Everybody was really surprised, as the entire routine took about four hours, house to house. Apparently this type of thing used to require an overnight stay and a lot of grief.
Having worked in the field, I don't like doctors and I like hospitals less. But I have to say that the experience was not bad, all things considered. The hospital ran like a well-oiled machine, the surgeon was on time and visited me immediately after, and the staff was competent and really personable.
For those of you familiar with gallbladders, this was apparently an interesting case. Initial symptoms looked a lot more like gastritis than gallbladder. The diagnosis was a bit of a surprise but we trust the diagnostician. The tests barely showed anything wrong. The surgeon said he only operated because of the family history. He was shocked to find the bladder was bogged, whatever that means. Apparently it was much worse than any of the indicators. He said the timing was right because it might have burst in the next two weeks.
We'll take those odds.
Once again we had a reminder that you have to be up on your condition and your meds before and after the procedure. In spite of getting about five doctors together on pain meds, the staff still questioned my wife about the meds. She actually brings a list of her meds with reason, dose, and prescribing doctor noted in case there are any questions. In spite of this, they still tried to give her narcotics for pain (her pain meds are non-narcotic).
In short, don't go along for the medical ride. Question everything and go no further until you're satisfied with the answers. The life you save may be your own.
You know for a fact that absolutely no outing could possibly proceed without grief (hence this blog), so allow me to let loose.....
Since when do you need to show up at the hospital with two hundred dollars before you have a procedure? Answer: since we got HMOs and since my coworkers are apparently crack addicts.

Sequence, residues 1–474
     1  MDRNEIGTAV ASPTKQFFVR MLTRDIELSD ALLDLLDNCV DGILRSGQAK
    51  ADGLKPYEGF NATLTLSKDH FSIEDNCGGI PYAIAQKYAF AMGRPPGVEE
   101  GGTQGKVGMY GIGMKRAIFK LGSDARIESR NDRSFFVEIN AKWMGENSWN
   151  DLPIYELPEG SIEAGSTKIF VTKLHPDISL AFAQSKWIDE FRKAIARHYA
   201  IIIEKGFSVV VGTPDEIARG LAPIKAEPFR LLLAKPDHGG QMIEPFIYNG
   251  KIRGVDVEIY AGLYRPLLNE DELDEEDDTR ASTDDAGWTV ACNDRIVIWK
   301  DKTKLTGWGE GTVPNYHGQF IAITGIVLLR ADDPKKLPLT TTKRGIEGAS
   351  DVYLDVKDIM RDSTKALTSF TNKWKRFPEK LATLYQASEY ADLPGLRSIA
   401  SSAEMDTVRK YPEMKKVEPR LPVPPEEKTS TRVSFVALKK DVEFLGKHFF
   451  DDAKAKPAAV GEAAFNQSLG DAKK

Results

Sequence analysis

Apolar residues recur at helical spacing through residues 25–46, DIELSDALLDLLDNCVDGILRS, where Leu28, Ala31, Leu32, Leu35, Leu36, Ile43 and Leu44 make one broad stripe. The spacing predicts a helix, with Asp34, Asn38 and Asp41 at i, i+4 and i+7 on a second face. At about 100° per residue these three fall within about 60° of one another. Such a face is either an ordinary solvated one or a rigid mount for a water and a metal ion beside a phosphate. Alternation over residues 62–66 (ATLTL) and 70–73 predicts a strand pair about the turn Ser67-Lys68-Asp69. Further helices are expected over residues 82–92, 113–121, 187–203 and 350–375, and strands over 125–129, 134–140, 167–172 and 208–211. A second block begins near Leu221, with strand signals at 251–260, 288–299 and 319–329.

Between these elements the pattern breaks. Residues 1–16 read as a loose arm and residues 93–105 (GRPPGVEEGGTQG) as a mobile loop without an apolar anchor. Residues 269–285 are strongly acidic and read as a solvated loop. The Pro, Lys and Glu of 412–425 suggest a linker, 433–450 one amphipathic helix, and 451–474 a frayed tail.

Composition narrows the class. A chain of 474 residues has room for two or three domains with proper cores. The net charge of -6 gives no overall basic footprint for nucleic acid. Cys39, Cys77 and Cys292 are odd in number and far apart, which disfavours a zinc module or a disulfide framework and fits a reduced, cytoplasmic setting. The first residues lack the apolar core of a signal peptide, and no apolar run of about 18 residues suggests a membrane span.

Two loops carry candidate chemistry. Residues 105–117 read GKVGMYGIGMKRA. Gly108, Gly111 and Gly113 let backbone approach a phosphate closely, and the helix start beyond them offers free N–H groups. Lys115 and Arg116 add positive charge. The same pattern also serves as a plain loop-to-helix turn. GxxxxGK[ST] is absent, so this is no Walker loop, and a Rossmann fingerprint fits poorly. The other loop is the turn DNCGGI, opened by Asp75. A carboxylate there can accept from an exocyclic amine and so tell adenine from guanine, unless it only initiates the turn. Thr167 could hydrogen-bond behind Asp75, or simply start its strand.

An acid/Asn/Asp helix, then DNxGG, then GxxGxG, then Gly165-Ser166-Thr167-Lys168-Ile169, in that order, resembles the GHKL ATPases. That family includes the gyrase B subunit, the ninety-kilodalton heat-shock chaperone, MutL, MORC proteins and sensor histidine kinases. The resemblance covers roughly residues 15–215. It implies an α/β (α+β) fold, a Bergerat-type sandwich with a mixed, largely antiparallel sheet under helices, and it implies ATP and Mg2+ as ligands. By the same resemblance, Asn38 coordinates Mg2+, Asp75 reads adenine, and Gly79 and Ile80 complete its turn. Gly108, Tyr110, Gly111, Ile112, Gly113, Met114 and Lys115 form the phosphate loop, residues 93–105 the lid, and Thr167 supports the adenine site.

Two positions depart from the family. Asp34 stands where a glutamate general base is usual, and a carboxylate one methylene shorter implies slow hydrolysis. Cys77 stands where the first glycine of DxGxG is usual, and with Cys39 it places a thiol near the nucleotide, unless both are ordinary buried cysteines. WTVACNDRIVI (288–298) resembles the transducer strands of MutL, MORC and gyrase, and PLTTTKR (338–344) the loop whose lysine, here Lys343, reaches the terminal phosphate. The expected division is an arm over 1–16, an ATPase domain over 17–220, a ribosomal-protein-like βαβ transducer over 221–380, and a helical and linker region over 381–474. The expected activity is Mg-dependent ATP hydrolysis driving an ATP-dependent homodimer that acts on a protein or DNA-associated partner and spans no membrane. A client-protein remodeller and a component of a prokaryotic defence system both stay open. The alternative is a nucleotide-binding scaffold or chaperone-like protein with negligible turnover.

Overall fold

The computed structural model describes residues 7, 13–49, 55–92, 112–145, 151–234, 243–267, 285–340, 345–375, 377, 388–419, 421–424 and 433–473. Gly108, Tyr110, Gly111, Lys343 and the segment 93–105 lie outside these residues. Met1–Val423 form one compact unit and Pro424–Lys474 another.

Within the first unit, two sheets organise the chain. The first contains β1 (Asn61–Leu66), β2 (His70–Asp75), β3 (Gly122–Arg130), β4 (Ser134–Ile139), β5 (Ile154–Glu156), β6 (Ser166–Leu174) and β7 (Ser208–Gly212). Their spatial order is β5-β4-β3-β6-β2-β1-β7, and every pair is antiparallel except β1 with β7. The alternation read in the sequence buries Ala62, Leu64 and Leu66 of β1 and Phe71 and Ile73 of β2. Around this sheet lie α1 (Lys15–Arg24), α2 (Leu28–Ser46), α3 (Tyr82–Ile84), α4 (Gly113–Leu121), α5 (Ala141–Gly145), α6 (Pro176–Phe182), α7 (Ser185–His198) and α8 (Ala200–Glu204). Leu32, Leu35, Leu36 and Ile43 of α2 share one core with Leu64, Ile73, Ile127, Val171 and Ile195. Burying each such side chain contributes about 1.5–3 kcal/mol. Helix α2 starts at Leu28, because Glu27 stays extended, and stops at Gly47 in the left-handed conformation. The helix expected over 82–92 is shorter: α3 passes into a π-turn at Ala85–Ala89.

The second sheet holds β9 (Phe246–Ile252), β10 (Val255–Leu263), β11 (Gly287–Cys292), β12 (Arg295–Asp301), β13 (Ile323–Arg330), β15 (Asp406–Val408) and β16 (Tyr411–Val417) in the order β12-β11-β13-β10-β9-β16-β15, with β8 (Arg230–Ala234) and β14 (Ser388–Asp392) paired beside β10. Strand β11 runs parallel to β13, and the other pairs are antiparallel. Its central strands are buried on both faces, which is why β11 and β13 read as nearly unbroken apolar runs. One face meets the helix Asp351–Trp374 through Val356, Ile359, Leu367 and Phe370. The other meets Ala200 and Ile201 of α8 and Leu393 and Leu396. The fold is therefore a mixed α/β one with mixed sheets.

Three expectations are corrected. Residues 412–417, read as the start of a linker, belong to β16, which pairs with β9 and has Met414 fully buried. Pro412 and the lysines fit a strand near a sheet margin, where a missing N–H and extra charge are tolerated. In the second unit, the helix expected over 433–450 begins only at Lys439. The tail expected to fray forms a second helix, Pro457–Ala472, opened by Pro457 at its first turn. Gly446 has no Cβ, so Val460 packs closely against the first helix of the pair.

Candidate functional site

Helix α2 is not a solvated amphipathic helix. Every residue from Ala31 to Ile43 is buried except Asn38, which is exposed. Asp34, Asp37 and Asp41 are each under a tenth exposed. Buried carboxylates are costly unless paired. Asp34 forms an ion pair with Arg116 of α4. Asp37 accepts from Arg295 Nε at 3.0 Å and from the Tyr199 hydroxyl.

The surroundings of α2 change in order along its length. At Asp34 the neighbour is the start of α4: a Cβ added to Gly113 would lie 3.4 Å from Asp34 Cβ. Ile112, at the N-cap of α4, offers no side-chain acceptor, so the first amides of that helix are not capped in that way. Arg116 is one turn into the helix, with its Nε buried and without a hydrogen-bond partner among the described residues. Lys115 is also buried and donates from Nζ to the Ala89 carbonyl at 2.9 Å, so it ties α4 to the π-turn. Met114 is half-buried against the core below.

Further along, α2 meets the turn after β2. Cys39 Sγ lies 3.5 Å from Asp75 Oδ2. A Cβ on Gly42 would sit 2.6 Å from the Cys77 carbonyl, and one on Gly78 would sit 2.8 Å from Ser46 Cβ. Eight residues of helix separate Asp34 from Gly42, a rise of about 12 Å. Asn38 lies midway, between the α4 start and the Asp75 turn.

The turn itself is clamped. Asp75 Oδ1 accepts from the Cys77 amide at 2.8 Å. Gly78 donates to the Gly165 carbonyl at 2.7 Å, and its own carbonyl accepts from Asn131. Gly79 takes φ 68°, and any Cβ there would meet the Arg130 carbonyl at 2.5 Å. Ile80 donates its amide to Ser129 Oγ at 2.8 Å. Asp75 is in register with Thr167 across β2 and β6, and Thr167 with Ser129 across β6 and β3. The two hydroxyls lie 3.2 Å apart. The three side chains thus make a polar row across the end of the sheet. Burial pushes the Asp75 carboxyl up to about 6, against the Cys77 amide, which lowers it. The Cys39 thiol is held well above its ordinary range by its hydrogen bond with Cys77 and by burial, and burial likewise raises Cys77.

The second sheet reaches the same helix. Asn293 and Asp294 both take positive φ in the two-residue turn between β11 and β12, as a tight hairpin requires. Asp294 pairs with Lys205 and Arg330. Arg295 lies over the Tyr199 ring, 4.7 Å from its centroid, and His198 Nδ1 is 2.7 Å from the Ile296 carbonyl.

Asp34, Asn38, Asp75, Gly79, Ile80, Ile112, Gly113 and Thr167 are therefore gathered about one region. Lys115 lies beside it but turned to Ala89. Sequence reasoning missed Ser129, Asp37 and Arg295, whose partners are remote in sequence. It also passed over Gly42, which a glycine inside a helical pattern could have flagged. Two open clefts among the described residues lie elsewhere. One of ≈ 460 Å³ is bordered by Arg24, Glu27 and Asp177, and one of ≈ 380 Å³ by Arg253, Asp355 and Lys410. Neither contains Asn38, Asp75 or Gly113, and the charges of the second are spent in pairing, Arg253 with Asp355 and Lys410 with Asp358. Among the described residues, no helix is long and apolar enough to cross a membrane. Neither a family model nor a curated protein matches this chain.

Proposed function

Follow this logic (if you can): too many people were using emergency rooms as their primary care, so the insurance slapped on a fifty dollar fee for using the emergency room; waived if you got admitted. Then it went to one hundred dollars. I get the point- you were being penalized for using the emergency room.
I recently discovered that if admitted, there is now a five hundred dollar fee! So now we're being penalized for being admitted, as opposed to being penalized for just appearing in the emergency room.
When I complained to my benefits people about the fees, they told me those fees got raised so they didn't have to raise other fees.
And that helps me how?
So I'm minding my own business in the waiting room, which is an impressive feat. Today was especially cold, perhaps out of spite. The hospital doors opened right into the waiting room, dumping large amounts of arctic air into the area.
There was a very large flat-screen television mounted in the corner of the room. You could see it from outside. But even if you couldn't see it, you could hear it. There was no apparent way to turn down the thunderous aural assault. To make matters worse, there was no apparent way to change the damn channel either.
I cannot afford a flat-screen television that large. Strangely enough, I cannot afford two hundred dollars copay for the procedure either, yet there I sat, traumatized by both.
There were several signs on the wall that I truly appreciated. They told everyone to be courteous to your neighbors by not talking loudly, especially on cell phones.
Personally I thought it was a violation of the Geneva Convention to force anyone in a confined area to watch The View. Perhaps this hospital never got the memo. Next up, possibly to rhyme, possibly just to annoy, came The Chew.
I know this in spite of never having looked at the screen. I was trying to check email and amuse myself in other ways.